"Work authorization is not meant to get you rich, it's to let you live," said an Egyptian asylum-seeker who fled to the United States after a radical group beat him and tried to kidnap his wife and daughter. After fleeing persecution in their home countries, asylum-seekers like this man in New Jersey face a new type of maltreatment in the United States: The U.S. government won't let them work during what is often a drawn-out asylum process.
As a result, vulnerable people who come to this country as their last hope too often end up destitute.
The time for immigration reform is undoubtedly ripe, and much of the new proposed legislation and public discourse are focusing on work opportunities. But the plight of asylum-seekers who are prohibited from supporting themselves, so far, is not part of the conversation.
In 1980, Congress amended the Immigration and Nationality Act to bring the United States into conformity with its treaty obligations based on international refugee law. From that time, asylum-seekers were authorized to work if they demonstrated that their asylum claim wasn't frivolous. But in 1996, Congress, concerned about a large backlog of cases and what it perceived as abuse of the asylum system, enacted various measures restricting asylum, among them stricter rules about working.
Congress barred asylum-seekers from working legally for 150 days after filing their applications — plus an additional 30 days to process the application — unless they were granted asylum before that time had passed. The clock that counts those days stops any time the government determines that the applicant delayed the proceedings. But in practice, it is unclear precisely what stops and restarts the clock.
The problem has affected almost all asylum-seekers. In 2011, the clock had stopped at some point for 262,025 people — 92% of all pending cases — according to the federal Executive Office of Immigration Review. Once the clock stops, so does the opportunity to apply for work authorization, leaving too many asylum-seekers without any means to sustain themselves for many months or years.
The settlement of a class-action lawsuit this month will partially address the problem by requiring judges to be more transparent in their reasons for stopping the clock. But Congress ought to address the underlying issue: the basic right of asylum-seekers to sustain themselves, or to be sustained by the government, while their claims are pending.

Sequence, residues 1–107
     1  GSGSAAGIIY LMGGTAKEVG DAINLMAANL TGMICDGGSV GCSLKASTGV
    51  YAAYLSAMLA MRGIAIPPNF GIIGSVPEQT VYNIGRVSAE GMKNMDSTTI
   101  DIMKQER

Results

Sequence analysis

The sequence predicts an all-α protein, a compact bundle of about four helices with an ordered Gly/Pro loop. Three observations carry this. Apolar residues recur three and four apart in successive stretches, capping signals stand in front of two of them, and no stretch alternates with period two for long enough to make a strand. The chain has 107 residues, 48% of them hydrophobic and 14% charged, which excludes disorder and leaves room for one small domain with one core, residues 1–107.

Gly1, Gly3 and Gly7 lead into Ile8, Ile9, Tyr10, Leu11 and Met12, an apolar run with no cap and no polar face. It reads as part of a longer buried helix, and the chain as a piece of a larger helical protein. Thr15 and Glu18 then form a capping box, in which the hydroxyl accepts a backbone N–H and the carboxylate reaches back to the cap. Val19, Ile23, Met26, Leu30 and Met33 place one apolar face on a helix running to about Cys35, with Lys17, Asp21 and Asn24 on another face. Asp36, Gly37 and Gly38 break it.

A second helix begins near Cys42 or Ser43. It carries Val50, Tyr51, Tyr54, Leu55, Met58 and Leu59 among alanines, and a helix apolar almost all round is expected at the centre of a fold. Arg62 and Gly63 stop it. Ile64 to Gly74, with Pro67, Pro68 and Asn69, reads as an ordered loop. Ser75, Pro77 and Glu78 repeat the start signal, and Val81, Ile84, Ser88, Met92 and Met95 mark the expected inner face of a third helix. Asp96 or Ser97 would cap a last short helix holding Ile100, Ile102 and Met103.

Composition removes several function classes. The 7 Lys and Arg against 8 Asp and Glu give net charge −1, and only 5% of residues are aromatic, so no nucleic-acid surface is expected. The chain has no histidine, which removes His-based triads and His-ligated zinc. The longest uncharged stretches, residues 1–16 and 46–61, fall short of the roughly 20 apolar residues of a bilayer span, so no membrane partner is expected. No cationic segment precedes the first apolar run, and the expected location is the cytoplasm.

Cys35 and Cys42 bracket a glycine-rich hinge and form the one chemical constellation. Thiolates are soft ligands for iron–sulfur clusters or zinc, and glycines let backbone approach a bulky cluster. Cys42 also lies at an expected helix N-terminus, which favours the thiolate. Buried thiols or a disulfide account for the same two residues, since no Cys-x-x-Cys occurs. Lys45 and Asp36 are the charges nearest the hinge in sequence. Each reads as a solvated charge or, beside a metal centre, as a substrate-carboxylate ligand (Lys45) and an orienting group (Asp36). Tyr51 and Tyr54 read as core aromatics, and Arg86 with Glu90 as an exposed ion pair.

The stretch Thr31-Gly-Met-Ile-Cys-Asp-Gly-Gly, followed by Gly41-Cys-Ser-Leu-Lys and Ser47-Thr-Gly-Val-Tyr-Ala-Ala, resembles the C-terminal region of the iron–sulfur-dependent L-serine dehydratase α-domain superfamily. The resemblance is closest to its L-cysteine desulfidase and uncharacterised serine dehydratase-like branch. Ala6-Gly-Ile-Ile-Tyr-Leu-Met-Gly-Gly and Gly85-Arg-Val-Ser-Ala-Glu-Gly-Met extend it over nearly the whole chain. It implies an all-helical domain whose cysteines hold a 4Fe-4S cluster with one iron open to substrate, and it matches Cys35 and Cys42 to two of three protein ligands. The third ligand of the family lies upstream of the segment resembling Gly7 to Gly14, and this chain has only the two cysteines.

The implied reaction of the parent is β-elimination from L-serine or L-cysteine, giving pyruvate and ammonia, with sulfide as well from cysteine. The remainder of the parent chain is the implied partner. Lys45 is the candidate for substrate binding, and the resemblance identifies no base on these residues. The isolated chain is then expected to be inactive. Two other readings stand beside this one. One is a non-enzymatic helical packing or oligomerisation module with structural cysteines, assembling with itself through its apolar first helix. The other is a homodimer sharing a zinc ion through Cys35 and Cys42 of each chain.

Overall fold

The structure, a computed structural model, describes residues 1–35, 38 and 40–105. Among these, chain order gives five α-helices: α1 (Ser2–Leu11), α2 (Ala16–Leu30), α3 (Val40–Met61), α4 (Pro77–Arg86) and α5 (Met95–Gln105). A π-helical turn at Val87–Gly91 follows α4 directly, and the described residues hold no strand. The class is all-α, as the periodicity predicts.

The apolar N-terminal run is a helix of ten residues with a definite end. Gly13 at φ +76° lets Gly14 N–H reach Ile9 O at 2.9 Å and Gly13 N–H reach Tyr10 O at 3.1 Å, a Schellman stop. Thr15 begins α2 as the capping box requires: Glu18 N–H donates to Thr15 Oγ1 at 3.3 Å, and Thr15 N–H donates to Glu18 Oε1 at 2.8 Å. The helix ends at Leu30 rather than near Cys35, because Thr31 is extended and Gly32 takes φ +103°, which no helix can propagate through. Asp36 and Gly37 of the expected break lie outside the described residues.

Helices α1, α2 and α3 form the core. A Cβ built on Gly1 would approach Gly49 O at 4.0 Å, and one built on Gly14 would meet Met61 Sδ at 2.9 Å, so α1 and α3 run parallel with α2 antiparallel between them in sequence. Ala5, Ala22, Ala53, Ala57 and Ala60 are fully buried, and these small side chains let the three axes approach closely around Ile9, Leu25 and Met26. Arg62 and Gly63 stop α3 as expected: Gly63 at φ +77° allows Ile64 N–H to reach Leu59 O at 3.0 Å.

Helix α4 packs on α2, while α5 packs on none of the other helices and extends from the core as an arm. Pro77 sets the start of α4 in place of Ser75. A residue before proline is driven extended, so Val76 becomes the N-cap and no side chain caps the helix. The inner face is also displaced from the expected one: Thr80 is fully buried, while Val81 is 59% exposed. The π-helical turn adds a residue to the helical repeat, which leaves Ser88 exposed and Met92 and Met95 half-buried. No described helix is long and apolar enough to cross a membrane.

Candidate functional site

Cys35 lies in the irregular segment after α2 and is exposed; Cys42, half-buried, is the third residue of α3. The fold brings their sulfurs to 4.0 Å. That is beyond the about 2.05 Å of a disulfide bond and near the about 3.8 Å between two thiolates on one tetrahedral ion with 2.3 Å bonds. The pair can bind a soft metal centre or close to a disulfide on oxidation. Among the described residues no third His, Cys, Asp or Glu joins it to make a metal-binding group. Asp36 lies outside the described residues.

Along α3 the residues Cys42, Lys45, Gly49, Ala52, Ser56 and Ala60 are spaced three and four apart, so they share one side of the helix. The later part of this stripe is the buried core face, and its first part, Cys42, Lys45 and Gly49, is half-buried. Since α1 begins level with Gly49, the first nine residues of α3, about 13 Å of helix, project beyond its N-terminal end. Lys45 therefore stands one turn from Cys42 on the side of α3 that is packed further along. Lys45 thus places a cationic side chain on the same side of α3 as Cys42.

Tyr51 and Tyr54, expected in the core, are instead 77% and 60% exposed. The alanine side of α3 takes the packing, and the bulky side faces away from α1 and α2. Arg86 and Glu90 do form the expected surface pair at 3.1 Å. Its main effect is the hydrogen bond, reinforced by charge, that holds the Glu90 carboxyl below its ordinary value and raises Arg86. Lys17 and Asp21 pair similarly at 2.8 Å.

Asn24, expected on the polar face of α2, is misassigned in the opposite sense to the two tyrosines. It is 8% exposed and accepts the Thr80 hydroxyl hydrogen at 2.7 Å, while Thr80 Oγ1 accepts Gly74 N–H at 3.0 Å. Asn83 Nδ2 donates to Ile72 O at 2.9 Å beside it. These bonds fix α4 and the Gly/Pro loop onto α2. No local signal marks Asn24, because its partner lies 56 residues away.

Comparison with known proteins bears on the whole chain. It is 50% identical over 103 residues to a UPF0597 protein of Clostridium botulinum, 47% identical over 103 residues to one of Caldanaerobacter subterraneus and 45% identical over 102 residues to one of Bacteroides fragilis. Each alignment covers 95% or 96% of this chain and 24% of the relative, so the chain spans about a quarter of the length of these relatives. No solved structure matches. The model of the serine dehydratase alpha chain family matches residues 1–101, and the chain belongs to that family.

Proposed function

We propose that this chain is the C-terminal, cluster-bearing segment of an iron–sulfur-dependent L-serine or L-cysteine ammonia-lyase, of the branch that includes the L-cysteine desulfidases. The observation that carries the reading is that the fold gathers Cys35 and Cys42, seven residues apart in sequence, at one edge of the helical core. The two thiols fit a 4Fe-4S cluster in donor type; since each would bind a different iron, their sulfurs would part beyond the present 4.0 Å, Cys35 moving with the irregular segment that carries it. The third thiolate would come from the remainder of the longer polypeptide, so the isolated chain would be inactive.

Hungry and homeless, some asylum-seekers end up in shelters or on the streets unless someone takes pity on them. Most are not eligible for social services or medical benefits, so they must rely on family members, friends or charities for help until resources or forbearance runs out. For many asylum-seekers who are accustomed to providing for themselves, having to depend on others for help is particularly traumatizing. Some end up seeking unauthorized work, leaving them vulnerable to labor — and sometimes sexual — exploitation.
The bar on work authorization may also have a direct impact on a person's ability to establish an asylum claim. Asylum-seekers in the United States are not entitled to court-appointed legal counsel. Because they are not allowed to work, many have no means to hire a lawyer. So many have to navigate an arcane process themselves and go unrepresented before an immigration judge in an adversarial hearing with a U.S. trial attorney on the other side.
Unlike the United States, some industrialized nations — Canada, for example — permit asylum-seekers to work. Others, like the member states of the European Union, have similar bars on employment but instead provide asylum-seekers with social and economic support while their claims are pending, and provide government-funded lawyers for those who can't afford them.
Although the Senate's immigration bill does try to reverse some of the most egregious restrictions on asylum-seekers contained in the 1996 law (such as eliminating a one-year deadline for filing an asylum claim from the time of entering the country), work authorization for asylum-seekers is conspicuously absent from the bill. If immigration reform is truly intended to reflect American values, it ought also to fix the asylum system so that it not only protects refugees but also upholds the values of hard work, rule of law and self-sufficiency. The bill should revert to the pre-1996 standard that allowed asylum-seekers filing non-frivolous applications to work.
Asylum-seekers come to this country in search of safety. But all too often they remain insecure here because they are deprived of the ability to subsist on their own. Asylum-seekers do not ask for handouts. Instead, they ask simply for an opportunity to support themselves and their families, and to contribute to this society in a meaningful, productive way. We should let them.
Bill Frelick is the director of Human Rights Watch's Refugee Program. Brian Jacek, a law student, interviewed asylum-seekers as part of Seton Hall University School of Law's Immigrants' Rights/International Human Rights Clinic.